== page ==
The venerated Wisconsin Blue Book is the latest victim of downsizing print products, be they newspapers, magazines or reference books.
“Compared with its predecessors, the tome is much slimmer – 677 pages compared with 973 pages in the 2015-16 version – has noticeably larger type and poorly cropped photos of legislators.”
So, significantly less content – partially disguised with larger type so that the reduction seems to be a mere 300 pages when the word count cut is much deeper – and less attention to detail. Where have we seen that before? Continue reading The Incredible Shrinking Blue Book
One of the seven major sins that reporters were once told to avoid is burying the lede.
(Tangent: It is a mystery to me when journalists started spelling it “lede” to differentiate a news lede from, say, the lead paragraph of a news story or the leader of the free world. But there it is.)
To bury the lede means to tell the most important part of a story deep inside the story. For example: The Megacorporation has announced a major advance in its manufacturing process that will take the company to the next level of wonderfulness. The process allows the corporation to fulfill its mission of making the world a better place while pleasing its shareholders and investors bigtime. “This is a fantabulous moment in human history as Megacorporation moves into the brightest future imaginable,” said Todd Bogguss, president and CEO. The company is laying off 30 percent of its workforce as part of the major restructuring.
What’s the lede? What’s the most important fact? What should have gone first? Continue reading Burying the sports lede/lead/whatever: a pet peeve
Two years now, and the memory of that night still makes me smile.
I’ve had a handful of concert experiences that still leave me breathless remembering them – Bruce Springsteen and the E Street Band back in 1984, the Brian Wilson band doing “Smile” – but the most exhilarating night of them all was Sept. 14, 2015, the Nitty Gritty Dirt Band and Friends at Ryman Auditorium in Nashville. The venue, the band, the performances, the crowd, all came together in the magical way that music can.
And how blessed we are to have a permanent video record – PBS turned it into an hourlong pledge drive feature with an extended DVD. Even though it’s not complete, the TV show captures the celebratory spirit of that night, when the band marked its 50th anniversary with some of the singers and songwriters they met on their journey. Continue reading Still Circlin’ Back with the Nitty Gritty Dirt Band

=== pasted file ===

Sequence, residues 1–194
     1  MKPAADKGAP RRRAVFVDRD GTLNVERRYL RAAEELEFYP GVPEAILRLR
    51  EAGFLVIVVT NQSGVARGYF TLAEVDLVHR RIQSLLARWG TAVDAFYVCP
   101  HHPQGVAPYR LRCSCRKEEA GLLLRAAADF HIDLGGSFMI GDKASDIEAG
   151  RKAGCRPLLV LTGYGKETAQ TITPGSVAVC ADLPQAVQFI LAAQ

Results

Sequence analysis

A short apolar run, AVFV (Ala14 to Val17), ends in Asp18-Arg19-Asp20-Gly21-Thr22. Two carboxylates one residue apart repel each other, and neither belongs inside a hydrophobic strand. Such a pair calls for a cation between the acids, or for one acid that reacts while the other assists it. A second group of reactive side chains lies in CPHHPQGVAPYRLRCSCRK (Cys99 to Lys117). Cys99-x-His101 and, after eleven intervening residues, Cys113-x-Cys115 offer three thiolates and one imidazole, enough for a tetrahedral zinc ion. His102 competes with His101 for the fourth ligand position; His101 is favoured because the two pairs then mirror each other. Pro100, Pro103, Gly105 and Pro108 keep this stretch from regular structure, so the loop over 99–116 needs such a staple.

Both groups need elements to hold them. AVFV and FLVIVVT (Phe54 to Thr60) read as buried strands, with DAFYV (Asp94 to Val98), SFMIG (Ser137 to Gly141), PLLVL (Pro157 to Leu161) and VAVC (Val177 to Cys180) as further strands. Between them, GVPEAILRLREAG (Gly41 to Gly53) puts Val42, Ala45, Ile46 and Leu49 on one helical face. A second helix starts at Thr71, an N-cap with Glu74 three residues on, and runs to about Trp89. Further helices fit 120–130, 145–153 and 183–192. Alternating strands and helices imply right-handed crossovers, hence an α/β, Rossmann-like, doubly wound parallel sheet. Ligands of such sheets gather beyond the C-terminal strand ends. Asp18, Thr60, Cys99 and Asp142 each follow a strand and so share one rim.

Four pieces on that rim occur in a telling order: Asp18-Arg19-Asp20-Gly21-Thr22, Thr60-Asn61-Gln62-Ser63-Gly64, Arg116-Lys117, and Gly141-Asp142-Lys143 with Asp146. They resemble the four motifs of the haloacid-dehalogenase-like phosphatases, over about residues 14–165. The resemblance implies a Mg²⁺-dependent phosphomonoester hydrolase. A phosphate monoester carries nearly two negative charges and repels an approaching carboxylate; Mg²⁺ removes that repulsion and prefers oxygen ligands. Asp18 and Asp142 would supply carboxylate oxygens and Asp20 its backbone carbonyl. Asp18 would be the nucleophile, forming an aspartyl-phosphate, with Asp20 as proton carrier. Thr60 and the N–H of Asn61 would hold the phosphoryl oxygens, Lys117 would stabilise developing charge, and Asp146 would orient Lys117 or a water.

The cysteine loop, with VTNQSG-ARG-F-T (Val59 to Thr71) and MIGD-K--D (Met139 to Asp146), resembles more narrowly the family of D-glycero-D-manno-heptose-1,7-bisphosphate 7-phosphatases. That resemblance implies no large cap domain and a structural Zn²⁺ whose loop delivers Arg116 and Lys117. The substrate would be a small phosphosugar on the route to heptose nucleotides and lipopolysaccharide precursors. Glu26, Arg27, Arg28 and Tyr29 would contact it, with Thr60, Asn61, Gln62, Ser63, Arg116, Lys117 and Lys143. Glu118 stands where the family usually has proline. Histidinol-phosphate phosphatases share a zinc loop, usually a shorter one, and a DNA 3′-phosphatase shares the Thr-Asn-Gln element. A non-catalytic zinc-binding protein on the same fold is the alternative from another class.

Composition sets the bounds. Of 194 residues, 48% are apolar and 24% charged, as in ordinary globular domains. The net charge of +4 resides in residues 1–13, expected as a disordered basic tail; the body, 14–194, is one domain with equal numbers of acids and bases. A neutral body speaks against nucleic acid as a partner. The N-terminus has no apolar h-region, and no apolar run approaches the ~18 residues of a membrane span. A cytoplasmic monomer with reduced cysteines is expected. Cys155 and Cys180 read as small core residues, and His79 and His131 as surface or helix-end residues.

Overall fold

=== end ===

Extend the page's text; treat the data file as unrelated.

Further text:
He looked out over the horizon and saw vast possibilities. He looked down and saw a vast drop.
“Go ahead,” said the man in the tousled white hair. “Jump, and build your wings on the way down.”
“Can’t,” he whispered.
“Come on, buddy,” said the man, pulling off his horn-rimmed glasses and wiping them carefully. “What did the little elf say – ‘Do or do not. There is no try’? You haven’t even been trying lately, have you?” Continue reading Story: The Wings
“Don’t think,” said the man with the white mane. “Just open the spigot and be surprised by what comes out.”
And then he walked away.
I wanted to cry out, “Don’t think? But I can’t stop thinking,” but I had no voice.
So I stopped thinking.
Suddenly a spot appeared on the wall, which grew and grew until there was a hole large enough to step through. I could see that the room beyond was not the same room I would have found had I cut through the wall, and so, curious, I stepped through the hole. Continue reading Story: The Room
One hundred years from now – perhaps even five years or (heaven forbid) one year from now, this beautiful furry beast will be gone.
But she is alive and well now, and beautiful now, and so I stroke her fur and hug her and know that this unique and special life is passing through, now, in this instant.
And she can only be fully known and appreciated now.
So I stop everything and hug her.
Every story, every book, begins with that word. Or at least every idea for a story, a book.
If a little girl lived in a town where black people didn’t get a fair shake, and her father was a principled attorney and a black man was falsely accused …
If an alien civilization placed beacons on our world millennia ago that could only be found and activated after we reached for the stars …
If a boy and a girl met and fell in love but not only their parents but their entire families hated each other …
If books went out of style and became so despised that fire departments no longer extinguished fires but actually burned illegal libraries …
If a little girl on a small Kansas farm dreamed of having adventures far, far away …
If adventures happened a long time ago in a galaxy far, far away …
If … what then?
That is how a story is found. That is how a story is told.
It’s so simple, in the end, this once upon a time.